Scheduled tasks

You can schedule the following tasks. For tasks that are resource-intensive, BMC recommends that they be staggered in their kick-off times so as not to run them simultaneously. Consider staggering the purge time, device imports of large numbers of devices, configuration exports of large spans of devices, jobs that run on large spans of devices like entire realm or entire network (for example, the nightly backup), and policies that send large reports.

  • Policies: A set of conditions that when met cause the system to perform a set of actions. The Policies tab is used to manage, schedule, and review the status of time and event-based policies. See Managing policies.
  • Jobs: Network-related actions initiated by users, web services, policies, and device import tasks are tracked centrally as Jobs. Jobs are administered via Network > Actions > Jobs. See Managing jobs.
  • Device import:
    • Administered via Admin > Network Admin > Device Import.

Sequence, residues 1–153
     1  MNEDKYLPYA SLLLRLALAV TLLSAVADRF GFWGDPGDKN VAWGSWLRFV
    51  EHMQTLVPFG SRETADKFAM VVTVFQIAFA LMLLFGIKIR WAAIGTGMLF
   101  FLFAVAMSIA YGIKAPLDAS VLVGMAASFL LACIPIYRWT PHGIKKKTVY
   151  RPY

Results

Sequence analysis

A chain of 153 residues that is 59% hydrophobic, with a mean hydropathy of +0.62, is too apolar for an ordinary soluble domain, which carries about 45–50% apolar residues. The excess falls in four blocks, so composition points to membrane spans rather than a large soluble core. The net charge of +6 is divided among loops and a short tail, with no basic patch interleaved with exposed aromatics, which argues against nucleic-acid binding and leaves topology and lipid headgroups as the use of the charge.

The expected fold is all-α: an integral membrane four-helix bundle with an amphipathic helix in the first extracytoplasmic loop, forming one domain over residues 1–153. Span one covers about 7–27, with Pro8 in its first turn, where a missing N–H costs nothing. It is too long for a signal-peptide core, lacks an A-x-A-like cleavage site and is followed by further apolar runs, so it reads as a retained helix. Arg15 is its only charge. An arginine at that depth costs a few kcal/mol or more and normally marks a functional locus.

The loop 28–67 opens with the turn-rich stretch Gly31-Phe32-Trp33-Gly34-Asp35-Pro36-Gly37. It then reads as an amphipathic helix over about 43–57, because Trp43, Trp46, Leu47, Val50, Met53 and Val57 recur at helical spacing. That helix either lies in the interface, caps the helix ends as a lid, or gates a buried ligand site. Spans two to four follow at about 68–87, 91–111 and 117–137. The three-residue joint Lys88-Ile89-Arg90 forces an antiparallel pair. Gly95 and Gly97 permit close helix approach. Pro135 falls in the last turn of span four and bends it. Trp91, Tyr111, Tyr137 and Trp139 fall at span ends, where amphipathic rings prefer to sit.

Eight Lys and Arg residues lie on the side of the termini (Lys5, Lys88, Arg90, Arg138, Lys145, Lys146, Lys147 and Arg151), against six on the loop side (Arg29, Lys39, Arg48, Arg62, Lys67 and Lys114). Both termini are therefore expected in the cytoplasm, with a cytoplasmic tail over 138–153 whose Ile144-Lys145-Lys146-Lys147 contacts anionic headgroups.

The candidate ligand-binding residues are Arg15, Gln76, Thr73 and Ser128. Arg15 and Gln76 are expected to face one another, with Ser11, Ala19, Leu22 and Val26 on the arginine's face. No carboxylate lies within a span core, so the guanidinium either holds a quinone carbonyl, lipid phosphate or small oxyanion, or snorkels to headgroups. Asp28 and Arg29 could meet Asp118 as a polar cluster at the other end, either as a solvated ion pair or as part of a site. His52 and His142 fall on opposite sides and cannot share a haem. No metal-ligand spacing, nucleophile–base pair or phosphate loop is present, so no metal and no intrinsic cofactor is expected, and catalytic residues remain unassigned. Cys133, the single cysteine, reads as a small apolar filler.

• When creating a Device Import task, the administrator can schedule it to run now or later, and can set it to repeat if necessary.
    • See Managing device import tasks.
  • Rule import/export:
    • Rule import is administered via Network > Import/Export > Rule Import.
    • Rule export is administered via Network > Import/Export > Rule Export.
    • When creating a Rule Import (or Export) task, the administrator can choose to run the task now or schedule it for later, and can set it to repeat if necessary.
    • See Importing rules and Exporting rules.
  • Configuration import/export:
    • Configuration Import is administered via Network > Import/Export > Configuration Import.
    • Configuration Export is administered via Network > Import/Export > Configuration Export.
    • When creating a Configuration Import (or Export) task, the administrator can choose to run the task now or schedule it for later, and can set it to repeat if necessary.
    • See Importing a configuration and Exporting a configuration .
  • Purge time:
    • Purge time is the time of day that when the purge manager runs. Purge manager deletes events, jobs, dormant policies, offline devices, historical configuration, and historical hardware inventories based on site policy. See Purge Settings for instructions on setting the purge policy.